Fig. 1
figure1

a Dynamic-enhanced computed tomography (portal phase) for case 1. A 15-mm hypovascular tumor was detected in the pancreatic body (arrow). b Diffusion-weighted magnetic resonance imaging. A hyperintense area can be observed in the pancreatic body tumor (arrow). c Endoscopic ultrasound-guided fine-needle aspiration (EUS-FNA). EUS-FNA was performed for the pancreatic tumor (4 punctures using 22 G, 19 G, 20 G, and 20 G needles) via the trans-gastric approach, without any complications. d Pathological findings of EUS-FNA. An adenocarcinoma can be observed (Papanicolaou staining)

Fig. 2
figure2

a Intraoperative findings for case 1. A small hard mass was detected in the posterior gastric wall, as indicated by the forceps. b Partial resection of the posterior gastric wall was performed. c Pathological findings. The specimen from the partially resected stomach showed that an adenocarcinoma was distributed linearly in the gastric muscle layer (arrow) (hematoxylin and eosin staining, loupe image). d Pathological findings. The findings of the gastric tumor were similar to those of the primary pancreatic cancer, indicating that gastric tumor was needle tract seeding from pancreatic cancer (hematoxylin and eosin staining)

Case2

A 70-year-old man underwent CT scan as part of his follow-up for recurrence of basal cell carcinoma. Dynamic-enhanced CT scan incidentally revealed a 15-mm hypovascular mass 15 mm in size in the pancreatic body (Fig. 3a). He had no abdominal symptoms, and laboratory data showed no elevation in tumor marker levels. Positron emission tomography-CT (PET-CT) revealed abnormal accumulation of fluorine-18- deoxyglucose (FDG) in the pancreatic body, with a standardized uptake value of 3.74 (Fig. 3b); however, there was no abnormal accumulation of FDG in other parts of the body. EUS revealed a 15.2-mm hypoechoic tumor in the pancreatic body. Although his tumor was suspected to invade the splenic artery, the tumor did not invade the SMA or PV. EUS-FNA was performed (1 puncture using a 22 G needle) via the trans-gastric approach, and no complications occurred (Fig. 3c). Cytology revealed adenocarcinoma (Fig. 3d). He had small nodules in both the lungs, and it was difficult to differentiate them from lung metastasis of pancreatic cancer. Therefore, he underwent neoadjuvant chemoradiotherapy (50.4 Gy/28 Fr radiotherapy, and 2 cycles of chemotherapy: 600 mg/m2 GEM on days 8 and 22, and 60 mg/m2 TS-1 on days 1–21). After neoadjuvant chemoradiotherapy, his tumor marker levels were still within the normal ranges. The pancreatic tumor slightly shrunk, and small lung nodules showed no change. We suspected the lung nodules were not metastasis of the pancreatic cancer; therefore, he underwent radical antegrade modular pancreatosplenectomy procedure posterior (RAMPs posterior) [21]. During surgery, we noticed a small hard mass in the posterior gastric wall (Fig. 4a), for which we performed partial gastrectomy (Fig. 4b). The resected specimen was diagnosed as needle tract seeding following EUS-FNA (Fig. 4c, d). The time from EUS-FNA to the detection of the gastric wall metastasis due to needle tract seeding was 113 days. At the end of the surgery, a small nodule was found in the mesenterium of the small intestine. We resected it, and on pathological examination, it was diagnosed as peritoneal dissemination. Pathological findings resulted in a diagnosis of invasive ductal carcinoma, pT2, pN0, and pM1 pStageIV (UICC). He received chemotherapy with only TS-1, as GEM could not be used owing to allergic reactions observed during neoadjuvant chemoradiotherapy. His condition is stable even after 18 months after surgery at the time of writing.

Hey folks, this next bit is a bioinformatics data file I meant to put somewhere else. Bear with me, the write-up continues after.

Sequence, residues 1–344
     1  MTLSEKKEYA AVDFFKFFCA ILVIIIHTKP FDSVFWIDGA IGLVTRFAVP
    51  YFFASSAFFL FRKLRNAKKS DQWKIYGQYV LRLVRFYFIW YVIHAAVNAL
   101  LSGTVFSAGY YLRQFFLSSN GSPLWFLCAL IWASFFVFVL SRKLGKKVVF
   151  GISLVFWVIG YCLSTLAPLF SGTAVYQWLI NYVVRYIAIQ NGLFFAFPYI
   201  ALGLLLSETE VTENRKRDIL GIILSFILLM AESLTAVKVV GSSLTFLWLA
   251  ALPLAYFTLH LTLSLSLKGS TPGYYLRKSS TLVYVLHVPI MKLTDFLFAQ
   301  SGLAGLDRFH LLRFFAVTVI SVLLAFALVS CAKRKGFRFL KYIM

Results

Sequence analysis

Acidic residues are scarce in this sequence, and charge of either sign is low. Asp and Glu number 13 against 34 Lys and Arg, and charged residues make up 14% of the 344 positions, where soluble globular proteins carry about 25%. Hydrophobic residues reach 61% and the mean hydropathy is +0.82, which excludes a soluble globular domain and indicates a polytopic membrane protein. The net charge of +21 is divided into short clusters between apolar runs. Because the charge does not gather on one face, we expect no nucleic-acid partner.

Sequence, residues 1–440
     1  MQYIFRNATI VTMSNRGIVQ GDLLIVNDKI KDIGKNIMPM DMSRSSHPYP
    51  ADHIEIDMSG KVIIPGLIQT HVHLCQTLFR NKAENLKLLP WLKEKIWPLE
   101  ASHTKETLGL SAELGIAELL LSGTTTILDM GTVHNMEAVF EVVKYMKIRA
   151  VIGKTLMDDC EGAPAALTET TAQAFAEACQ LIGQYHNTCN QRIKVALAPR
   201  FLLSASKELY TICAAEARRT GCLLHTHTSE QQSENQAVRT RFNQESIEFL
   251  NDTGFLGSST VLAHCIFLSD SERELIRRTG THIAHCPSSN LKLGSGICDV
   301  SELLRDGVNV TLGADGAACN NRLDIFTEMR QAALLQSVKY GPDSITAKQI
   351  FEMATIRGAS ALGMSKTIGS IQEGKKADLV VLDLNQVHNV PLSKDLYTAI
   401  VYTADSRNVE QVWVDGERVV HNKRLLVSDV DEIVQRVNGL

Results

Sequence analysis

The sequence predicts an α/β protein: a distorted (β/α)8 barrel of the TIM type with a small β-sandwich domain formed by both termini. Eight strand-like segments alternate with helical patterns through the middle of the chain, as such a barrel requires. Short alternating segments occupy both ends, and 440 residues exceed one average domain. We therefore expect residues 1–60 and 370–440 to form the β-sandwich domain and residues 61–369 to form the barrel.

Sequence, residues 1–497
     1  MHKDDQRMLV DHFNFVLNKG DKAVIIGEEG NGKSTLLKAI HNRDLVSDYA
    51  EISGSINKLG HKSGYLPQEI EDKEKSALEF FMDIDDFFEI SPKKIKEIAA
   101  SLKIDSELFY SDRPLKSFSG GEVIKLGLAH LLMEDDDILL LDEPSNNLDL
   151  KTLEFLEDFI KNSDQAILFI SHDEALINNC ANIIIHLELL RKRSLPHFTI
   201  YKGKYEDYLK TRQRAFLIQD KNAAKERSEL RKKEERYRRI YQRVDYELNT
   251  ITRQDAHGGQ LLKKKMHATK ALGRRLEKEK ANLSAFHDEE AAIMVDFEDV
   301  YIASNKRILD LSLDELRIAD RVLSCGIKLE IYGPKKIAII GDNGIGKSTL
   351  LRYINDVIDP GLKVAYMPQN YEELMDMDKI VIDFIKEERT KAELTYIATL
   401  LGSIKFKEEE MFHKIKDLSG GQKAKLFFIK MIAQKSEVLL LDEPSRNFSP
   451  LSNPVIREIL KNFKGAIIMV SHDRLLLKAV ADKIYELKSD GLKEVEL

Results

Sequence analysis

Fig. 3
figure3

a Dynamic-enhanced CT (portal phase) for case 2. A 15-mm hypovascular tumor in the pancreatic body (arrow). b Positron emission tomography-CT (PET-CT) findings. Abnormal accumulation of fluorine-18-deoxyglucose (standardized uptake value of 3.74) can be observed in the pancreatic body (arrow). c EUS-FNA findings. EUS-FNA was performed for the pancreatic tumor (1 puncture using 22 G, needle) via the trans-gastric approach, without any complications. d Pathological findings. EUS-FNA revealed an adenocarcinoma (Papanicolaou staining)

Fig. 4
figure4

a Intraoperative findings for case 2. A small hard mass was detected in the posterior gastric wall (arrow). b Partial resection of the posterior gastric wall was performed. c Pathological findings. Many abnormal luminal structures (adenocarcinoma) were confirmed in the resected gastric muscle layer (hematoxylin and eosin staining, loupe image). d Pathological findings. The findings of gastric tumor were similar to those of the primary pancreatic cancer, indicating that gastric tumor was a recurrence due to needle tract seeding from pancreatic cancer (hematoxylin and eosin staining)

Discussion and conclusions

It has been reported that EUS-FNA for pancreatic tumor has pooled sensitivity and specificity, 92% and 96%, respectively [1]. The main complications of EUS-FNA for pancreas tumor is bleeding, pancreatitis, post-procedural pain, and so on, but the incidence rate is as low as 1.03%; therefore, it is considered a safe procedure [2]. Moreover, there was no significant difference in prognosis even when EUS-FNA was performed on the pancreatic body and tail cancer before surgery, and EUS-FNA is now an essential examination for the diagnosis of pancreatic tumors [22, 23]. However, in these reports, the type, stage, and resectability of pancreatic tumors were different and EUS-FNA has a risk of peritoneal dissemination, although its diagnosis due to FNA is difficult because pancreatic cancer itself often results in the development of peritoneal dissemination. Hence, the adverse effects of EUS-FNA may be ambiguous. In the future, the oncological safety of EUS-FNA should be reconsidered in limiting patients who undergo this procedure.